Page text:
Because the chaotic dynamical behavior has been widely observed in practice, how to apply chaos to the engineering practice and generate strange chaotic attractors with complex topological structure by a simple dynamical system has become the focus in the field of nonlinear dynamics recently. Moreover, sometimes it is necessary to avoid the chaotic dynamics in some systems. Hence, it would be useful to investigate the dynamical behavior of PMSM and find out whether there are strange attractors. In this paper, the focuses of this study are as follows:(1)investigating the dynamical behavior of a PMSM model with smooth air gap with external periodic excitation to the -axes stator on rotating frame, which has not been carefully studied;(2)analyzing the bifurcation and chaos of the PMSM model by phase portrait, Poincare map, Lyapunov exponents, and bifurcation diagram, which are important tools to find strange double-deck butterfly chaotic attractors and multiperiodic orbits and analyze the dynamical behavior of the PMSM model;(3)analyzing the power spectra of the PMSM model since the power spectrum analysis is an effective tool to explore the frequency components of state variable;(4)besides, validating the findings by the simulations and experimental circuits.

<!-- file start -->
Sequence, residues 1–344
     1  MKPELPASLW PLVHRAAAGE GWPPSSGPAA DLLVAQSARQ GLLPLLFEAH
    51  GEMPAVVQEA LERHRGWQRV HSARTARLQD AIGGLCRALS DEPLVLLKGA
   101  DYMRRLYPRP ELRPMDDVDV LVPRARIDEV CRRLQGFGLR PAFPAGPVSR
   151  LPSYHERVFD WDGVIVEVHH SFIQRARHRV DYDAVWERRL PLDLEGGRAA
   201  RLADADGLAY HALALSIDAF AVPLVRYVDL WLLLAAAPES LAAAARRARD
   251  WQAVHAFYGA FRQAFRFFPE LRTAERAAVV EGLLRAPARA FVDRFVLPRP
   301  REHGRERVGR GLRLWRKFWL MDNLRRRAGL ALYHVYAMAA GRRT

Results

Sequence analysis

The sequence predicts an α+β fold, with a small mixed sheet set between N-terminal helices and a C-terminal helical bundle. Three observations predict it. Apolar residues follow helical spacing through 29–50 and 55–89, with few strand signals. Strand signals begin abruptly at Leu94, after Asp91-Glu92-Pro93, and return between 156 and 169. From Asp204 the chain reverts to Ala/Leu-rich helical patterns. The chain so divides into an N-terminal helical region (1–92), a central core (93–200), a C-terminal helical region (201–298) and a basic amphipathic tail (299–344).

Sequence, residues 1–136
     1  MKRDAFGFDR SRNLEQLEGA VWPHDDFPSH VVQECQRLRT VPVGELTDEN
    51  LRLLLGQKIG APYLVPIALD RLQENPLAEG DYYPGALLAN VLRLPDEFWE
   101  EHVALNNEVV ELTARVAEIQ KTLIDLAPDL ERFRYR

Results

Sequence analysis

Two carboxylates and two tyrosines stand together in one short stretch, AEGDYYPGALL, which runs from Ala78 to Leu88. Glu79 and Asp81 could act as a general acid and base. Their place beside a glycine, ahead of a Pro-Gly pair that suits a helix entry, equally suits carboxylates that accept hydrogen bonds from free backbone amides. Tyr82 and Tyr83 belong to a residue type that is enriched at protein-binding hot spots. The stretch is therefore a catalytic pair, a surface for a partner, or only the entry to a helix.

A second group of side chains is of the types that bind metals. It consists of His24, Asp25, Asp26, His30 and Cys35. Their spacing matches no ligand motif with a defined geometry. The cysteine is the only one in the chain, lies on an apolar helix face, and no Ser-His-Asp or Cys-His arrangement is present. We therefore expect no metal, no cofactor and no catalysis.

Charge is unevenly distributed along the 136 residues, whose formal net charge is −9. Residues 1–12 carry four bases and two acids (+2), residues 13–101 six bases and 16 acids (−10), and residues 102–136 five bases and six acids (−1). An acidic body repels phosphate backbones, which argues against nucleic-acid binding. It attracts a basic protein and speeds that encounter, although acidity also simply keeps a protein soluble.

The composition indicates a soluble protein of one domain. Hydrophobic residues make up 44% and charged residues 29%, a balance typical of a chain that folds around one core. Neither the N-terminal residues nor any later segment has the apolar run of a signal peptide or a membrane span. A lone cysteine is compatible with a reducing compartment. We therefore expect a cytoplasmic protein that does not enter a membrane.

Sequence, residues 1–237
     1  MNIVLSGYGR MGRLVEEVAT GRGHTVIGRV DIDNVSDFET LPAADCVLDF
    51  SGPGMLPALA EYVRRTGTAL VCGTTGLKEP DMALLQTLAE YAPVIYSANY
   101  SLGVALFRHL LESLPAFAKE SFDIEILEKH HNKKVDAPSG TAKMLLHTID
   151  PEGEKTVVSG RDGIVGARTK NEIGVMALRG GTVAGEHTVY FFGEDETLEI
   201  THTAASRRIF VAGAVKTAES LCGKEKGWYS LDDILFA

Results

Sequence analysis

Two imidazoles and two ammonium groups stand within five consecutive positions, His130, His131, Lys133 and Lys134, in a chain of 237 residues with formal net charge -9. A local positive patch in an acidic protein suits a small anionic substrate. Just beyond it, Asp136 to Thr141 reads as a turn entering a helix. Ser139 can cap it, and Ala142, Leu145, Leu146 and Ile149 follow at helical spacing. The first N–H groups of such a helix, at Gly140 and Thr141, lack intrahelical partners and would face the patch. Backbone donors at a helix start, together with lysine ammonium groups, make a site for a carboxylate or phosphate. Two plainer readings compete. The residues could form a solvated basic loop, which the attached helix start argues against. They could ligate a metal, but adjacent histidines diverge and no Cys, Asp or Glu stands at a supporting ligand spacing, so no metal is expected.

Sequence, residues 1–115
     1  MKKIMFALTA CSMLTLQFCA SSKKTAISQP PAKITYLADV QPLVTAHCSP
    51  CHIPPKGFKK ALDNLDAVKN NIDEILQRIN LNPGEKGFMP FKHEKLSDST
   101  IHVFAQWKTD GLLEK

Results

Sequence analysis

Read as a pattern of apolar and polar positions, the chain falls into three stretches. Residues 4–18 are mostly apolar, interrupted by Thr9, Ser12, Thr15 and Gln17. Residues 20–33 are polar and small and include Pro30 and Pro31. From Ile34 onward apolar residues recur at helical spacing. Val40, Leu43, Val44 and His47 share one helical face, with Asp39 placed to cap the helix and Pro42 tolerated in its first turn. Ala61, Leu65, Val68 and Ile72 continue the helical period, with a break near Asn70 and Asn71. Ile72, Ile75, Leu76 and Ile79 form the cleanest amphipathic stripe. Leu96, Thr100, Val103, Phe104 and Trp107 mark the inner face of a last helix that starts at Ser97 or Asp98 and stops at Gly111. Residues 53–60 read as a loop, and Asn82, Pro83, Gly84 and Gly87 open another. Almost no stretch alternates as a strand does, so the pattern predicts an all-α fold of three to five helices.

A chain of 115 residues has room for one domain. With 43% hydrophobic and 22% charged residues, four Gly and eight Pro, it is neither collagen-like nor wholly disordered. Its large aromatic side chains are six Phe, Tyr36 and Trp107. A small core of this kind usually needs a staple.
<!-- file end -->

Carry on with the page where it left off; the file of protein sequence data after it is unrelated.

This paper is organized as follows. In Section 2, the mathematical model for a PMSM with external excitations is proposed. Section 3 focuses on the bifurcation and chaos in the nonautonomous PMSM system by the methods of phase portrait, Poincare map, Lyapunov exponents, bifurcation diagram, and power spectrum. In Section 4, an experimental circuit is implemented to verify the obtained numerical results. Finally, we draw the conclusions.

2. The Mathematical Model